Review of Kenneth Pomeranz's “The Great Divergence”
JM Bryant's article "The West and the Rest Revisited" is a dyspeptic view of the Great Divergence debate that brings up the points you made above. I recommend it!
Have you encountered the recent synthesis of the last two decades of new data pertaining to the debate from Stephen Broadberry? https://voxeu.org/article/accounting-great-divergence-recent-findings-historical-national-accounting
Excellent review. I read the book and found it similarily turgid, even if I came to the argument somewhat sympathetic. I hold a synthesis view that exogenous factors did help propel the West towards global supremacy, but these factors could not have been exploited without endogenous ones. In this sense, I think Joel Mokyr's books are a better guide to the root causes, with Pomeranz's argument being a complementary rather than a replacement.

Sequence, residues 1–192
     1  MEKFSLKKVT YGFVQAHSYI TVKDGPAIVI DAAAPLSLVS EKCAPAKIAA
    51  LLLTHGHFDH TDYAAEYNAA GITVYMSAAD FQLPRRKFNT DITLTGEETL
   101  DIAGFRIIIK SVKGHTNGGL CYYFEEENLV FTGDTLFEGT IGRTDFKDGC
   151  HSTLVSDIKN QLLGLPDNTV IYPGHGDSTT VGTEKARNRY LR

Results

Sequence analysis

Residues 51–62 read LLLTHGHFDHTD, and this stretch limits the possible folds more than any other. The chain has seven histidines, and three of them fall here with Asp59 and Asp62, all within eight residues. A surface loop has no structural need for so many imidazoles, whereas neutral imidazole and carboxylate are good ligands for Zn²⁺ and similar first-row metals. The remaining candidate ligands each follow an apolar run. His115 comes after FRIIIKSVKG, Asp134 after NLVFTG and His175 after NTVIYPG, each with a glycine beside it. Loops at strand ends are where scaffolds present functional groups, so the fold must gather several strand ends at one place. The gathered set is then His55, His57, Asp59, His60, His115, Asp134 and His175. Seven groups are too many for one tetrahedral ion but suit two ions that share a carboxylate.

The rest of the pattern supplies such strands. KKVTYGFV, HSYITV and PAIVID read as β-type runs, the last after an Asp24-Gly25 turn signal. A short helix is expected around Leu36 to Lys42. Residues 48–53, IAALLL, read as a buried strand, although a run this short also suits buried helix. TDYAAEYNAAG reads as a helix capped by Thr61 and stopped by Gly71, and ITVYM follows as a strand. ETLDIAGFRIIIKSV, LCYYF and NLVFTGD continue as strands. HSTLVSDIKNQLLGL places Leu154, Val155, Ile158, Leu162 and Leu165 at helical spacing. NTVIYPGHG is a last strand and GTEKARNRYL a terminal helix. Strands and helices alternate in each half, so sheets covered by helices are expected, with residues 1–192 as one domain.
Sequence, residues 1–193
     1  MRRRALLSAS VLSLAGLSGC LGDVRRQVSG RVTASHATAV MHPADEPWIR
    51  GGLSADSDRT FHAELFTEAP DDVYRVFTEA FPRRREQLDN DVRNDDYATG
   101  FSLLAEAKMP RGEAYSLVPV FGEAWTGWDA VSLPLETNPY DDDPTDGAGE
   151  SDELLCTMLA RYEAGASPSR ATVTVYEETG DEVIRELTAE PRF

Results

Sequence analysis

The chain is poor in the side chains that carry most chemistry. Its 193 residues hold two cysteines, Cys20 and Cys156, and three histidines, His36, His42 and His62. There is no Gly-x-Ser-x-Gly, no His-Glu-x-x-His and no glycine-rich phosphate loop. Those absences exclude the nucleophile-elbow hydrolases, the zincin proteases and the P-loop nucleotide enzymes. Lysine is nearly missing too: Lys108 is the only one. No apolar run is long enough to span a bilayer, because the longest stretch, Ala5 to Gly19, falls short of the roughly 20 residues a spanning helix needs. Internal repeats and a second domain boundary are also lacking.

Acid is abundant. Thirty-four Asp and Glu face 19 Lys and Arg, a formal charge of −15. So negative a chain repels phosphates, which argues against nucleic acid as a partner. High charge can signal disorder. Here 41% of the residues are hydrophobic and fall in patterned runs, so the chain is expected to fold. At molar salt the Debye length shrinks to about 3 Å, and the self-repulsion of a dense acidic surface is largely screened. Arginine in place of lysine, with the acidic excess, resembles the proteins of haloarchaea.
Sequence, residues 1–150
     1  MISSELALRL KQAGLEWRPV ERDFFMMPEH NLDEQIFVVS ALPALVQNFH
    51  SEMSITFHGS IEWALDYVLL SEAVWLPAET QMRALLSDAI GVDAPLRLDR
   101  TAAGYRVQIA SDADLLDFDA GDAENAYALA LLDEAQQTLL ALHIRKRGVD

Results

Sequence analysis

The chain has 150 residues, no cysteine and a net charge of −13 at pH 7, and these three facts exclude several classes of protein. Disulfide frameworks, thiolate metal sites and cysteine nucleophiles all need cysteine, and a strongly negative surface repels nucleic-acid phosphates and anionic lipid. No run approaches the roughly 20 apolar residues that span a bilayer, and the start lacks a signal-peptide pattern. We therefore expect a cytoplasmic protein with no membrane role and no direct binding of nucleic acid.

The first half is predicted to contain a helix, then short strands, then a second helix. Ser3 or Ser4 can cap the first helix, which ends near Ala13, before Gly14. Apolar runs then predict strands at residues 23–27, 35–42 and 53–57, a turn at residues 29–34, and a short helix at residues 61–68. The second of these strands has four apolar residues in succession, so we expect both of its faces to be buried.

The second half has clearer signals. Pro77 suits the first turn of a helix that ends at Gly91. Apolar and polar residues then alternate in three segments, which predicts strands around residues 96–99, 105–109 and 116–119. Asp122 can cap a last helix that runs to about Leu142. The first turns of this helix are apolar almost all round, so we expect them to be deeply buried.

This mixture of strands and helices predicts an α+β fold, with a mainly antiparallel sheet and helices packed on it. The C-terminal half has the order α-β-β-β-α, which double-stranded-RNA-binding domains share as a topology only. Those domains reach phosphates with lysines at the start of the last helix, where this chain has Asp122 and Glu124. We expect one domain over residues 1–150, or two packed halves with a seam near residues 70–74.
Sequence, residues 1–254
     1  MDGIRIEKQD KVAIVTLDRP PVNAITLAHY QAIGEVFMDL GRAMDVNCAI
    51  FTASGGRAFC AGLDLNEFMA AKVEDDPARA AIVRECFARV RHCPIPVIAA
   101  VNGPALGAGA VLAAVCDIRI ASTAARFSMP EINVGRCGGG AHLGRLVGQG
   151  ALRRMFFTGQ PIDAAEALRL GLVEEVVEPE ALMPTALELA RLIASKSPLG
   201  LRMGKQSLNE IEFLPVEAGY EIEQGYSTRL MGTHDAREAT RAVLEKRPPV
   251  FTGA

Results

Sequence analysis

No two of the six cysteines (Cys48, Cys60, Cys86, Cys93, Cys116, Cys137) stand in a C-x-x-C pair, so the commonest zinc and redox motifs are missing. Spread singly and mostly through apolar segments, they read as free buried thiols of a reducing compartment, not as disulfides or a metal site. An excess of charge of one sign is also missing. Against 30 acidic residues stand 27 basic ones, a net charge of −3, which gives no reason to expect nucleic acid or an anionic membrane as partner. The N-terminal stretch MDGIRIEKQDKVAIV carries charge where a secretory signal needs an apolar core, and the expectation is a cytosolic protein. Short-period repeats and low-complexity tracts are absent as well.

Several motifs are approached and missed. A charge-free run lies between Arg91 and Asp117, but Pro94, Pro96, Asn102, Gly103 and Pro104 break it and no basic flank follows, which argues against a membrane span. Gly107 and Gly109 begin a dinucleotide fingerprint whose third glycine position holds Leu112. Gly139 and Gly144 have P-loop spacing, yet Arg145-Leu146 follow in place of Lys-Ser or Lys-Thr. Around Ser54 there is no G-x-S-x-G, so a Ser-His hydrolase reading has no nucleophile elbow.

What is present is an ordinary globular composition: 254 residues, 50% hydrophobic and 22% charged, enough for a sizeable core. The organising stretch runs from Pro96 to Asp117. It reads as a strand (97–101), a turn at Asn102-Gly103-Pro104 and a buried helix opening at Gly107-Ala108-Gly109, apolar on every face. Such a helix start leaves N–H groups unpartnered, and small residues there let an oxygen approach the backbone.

Acemoglu and Robinson "Why nations fail" argue that China was politically absolutist so could (and did) repress the "inclusive" economic institutions needed for industrialisation. Economic development requires free markets (what "inclusive" seems to mean), but sustaining such institutions requires "inclusive" non-absolutist political institutions, i.e. democracy. Politics upstream of economics?